Thanks. Providing the clause specifies no alterations without consent as opposed to an absolute "no alterations" clause with no mention of having to obtain consent then your co landlord cannot unreasonably refuse consent by virue of s19(2) Landlord and Tenant Act that provides that where alterations may not be made other than with consent of the landlord, that provision shall be subject to a priviso that consent shall not be unreasonably withheld even if those words do not appear in the provision.Providing the land on which you wish to extend is included in your lease demise which from what you say it is, then the other landlord cannot unreasonably refuse consent for the alterations because of the above s19(2) provision. She can under the above Act require you to pay her reasonable costs incurred in considering your proposal (e.g. surveyors fees advising on impact on structure of building) and reinstate any damage caused.If she refuses to consent you can consider to approaches:The first is what is known as self help.Self-help: This is where you simply carry out the improvements despite her refusal to consent. This is a higher risk approach and if considering it firstly, you should send a letter before action to get her consent. The tenant should also ask the landlord to confirm that he/she will not peaceably enter on the grounds of breach of covenant. The risk with this approach is if it is found that the landlady was entitled to refuse consent because of the nature of the works have damaged the building for example you may be required to reinstate. This is unlikely providing you get planning permission and construct with qualified builders but it cannot be said to be risk free.The second approach is safer but involves going to court. Here you apply to the county court for a declaration that the landlady has unreasonably withheld consent and no further act of consent is required from her. If you prefer this approach you would need to apply using the following form asking the court for the above declaration.http://hmctsformfinder.justice.gov.uk/courtfinder/forms/n208-eng.pdfHave I been able to help you with all your questions on the above or is there anything else I can help you with?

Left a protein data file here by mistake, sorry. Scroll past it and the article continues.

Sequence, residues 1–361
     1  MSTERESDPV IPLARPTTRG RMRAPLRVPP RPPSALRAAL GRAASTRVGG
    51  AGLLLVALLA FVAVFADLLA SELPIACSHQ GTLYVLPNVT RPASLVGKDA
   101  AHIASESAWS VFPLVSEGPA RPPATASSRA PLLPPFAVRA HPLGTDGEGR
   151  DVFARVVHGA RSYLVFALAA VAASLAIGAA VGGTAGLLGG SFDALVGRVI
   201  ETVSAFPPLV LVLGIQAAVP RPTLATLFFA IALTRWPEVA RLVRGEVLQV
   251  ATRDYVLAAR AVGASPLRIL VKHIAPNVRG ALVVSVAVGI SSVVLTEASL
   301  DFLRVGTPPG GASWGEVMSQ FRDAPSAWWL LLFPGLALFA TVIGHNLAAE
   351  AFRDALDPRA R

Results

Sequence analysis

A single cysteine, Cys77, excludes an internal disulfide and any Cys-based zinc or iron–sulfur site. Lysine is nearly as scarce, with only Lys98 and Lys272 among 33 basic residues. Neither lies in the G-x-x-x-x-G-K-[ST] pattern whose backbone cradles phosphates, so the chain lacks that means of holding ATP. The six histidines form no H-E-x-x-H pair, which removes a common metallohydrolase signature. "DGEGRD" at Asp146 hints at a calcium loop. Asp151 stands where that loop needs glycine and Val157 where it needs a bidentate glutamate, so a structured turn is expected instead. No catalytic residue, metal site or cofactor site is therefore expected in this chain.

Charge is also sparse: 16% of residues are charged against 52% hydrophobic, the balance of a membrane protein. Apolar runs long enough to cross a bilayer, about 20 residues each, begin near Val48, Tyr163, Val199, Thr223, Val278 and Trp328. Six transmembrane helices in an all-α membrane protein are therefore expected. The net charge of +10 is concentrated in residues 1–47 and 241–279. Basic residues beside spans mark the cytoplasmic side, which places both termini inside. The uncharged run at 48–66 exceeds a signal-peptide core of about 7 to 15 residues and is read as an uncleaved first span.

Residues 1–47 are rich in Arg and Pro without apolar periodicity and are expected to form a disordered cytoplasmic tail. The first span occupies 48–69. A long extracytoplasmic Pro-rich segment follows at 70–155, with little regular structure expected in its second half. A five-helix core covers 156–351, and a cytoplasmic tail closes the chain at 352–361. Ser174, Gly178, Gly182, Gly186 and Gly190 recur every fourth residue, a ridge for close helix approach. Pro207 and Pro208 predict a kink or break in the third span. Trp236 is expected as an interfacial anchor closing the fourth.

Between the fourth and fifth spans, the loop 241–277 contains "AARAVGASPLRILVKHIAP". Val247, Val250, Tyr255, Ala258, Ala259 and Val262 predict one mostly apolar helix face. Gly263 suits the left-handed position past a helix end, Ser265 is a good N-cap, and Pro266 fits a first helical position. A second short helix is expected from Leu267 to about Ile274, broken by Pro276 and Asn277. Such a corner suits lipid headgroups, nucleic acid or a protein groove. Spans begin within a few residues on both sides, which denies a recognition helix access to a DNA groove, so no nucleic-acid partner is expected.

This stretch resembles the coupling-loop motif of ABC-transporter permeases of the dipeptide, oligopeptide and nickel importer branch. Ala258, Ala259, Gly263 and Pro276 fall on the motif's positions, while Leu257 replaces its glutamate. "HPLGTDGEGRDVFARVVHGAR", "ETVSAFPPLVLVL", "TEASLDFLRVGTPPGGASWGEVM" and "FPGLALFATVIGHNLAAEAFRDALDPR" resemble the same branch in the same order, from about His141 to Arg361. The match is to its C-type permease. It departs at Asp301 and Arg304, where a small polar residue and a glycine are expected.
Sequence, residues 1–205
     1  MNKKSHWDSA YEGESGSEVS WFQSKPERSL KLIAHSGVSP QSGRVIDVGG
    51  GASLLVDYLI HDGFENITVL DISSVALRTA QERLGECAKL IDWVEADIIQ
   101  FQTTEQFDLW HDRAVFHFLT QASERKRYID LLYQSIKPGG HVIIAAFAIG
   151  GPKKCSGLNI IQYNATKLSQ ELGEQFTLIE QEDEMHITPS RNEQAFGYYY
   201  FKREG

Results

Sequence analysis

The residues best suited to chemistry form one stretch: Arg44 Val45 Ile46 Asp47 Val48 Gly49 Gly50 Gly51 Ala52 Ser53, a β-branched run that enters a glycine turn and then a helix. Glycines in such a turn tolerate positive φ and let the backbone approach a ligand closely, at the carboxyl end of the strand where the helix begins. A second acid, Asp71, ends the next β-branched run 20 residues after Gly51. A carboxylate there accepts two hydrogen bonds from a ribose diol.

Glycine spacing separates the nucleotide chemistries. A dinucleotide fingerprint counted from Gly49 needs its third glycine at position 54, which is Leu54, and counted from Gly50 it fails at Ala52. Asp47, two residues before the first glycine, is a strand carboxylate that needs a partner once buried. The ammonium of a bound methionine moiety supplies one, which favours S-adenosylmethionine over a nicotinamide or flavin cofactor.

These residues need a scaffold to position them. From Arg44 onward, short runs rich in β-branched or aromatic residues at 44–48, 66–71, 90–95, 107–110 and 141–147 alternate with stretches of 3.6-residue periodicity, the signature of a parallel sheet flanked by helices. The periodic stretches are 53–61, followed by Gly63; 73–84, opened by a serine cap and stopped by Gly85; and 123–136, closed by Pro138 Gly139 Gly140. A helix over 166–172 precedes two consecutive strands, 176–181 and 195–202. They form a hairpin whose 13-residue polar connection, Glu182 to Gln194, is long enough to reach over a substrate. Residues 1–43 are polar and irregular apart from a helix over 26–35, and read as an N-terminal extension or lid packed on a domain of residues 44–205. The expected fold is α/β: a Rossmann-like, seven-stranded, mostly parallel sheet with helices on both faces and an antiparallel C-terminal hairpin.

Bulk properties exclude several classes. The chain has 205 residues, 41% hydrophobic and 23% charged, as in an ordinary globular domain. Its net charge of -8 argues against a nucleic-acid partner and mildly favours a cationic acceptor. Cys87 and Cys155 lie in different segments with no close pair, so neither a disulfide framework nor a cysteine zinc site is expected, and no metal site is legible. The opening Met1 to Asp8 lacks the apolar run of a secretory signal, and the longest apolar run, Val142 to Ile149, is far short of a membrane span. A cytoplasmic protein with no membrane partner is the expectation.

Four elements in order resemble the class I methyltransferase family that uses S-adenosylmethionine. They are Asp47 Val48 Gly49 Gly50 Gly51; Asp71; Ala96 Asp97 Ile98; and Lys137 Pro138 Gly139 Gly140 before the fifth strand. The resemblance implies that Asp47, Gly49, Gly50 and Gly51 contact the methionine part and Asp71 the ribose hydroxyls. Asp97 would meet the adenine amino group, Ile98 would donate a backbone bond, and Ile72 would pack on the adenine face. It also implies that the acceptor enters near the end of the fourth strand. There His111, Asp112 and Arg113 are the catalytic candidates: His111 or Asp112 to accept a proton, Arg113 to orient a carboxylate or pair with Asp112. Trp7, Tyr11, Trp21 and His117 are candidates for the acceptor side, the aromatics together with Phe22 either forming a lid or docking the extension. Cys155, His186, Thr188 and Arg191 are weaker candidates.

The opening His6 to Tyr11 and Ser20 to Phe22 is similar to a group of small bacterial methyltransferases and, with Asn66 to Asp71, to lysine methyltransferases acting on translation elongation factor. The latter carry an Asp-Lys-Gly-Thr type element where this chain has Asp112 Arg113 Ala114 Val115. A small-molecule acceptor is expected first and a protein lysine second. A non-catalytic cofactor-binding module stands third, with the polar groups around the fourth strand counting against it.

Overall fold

Expert:  Joshua replied 2 years ago.
Does the above answer all your questions or is there anything I can clarify or help you with any further?
Customer: replied 2 years ago.
This is the exact words as they are in my lease contract:
'No building or addition to any building temporary or otherwise shall be erected on the demised premises and no alteration or addition shall be made to the demised premises(wheter internally or externaly) except with the previouse consent of the Lessor and in accordance with plans and specifications which shall have been first submited to and approved in writting by the Lessor.Provided always that such consent shall not be in lieu of or in subtitution for any permission or consent which may be required from the planning or any other Authority nor( without prejudice to the generality of the foregoing) to cut injure or remove the main walls timbers or any other structural parts of the demised premises except for the purpose of complying with the Lessee's repairing obligations contained in this Lease""
Is the answer still the same after reading this?
Many thanks.
Expert:  Joshua replied 2 years ago.
Thanks for the above. Yes I think we were posted both our replies last night at about the same time. I did read the wording you provided - thank you for that. The clause does contain the crucial words "without consent" which is ideal which means that the position is exactly as I have set out above.I hope the above is of assistance? If you have no further questions for now I should be very grateful if you would kindly take a moment to click to rate my service to you today or let me know if the above is helpful. Your feedback is important to me. If there is anything else I can help with please reply back to me though.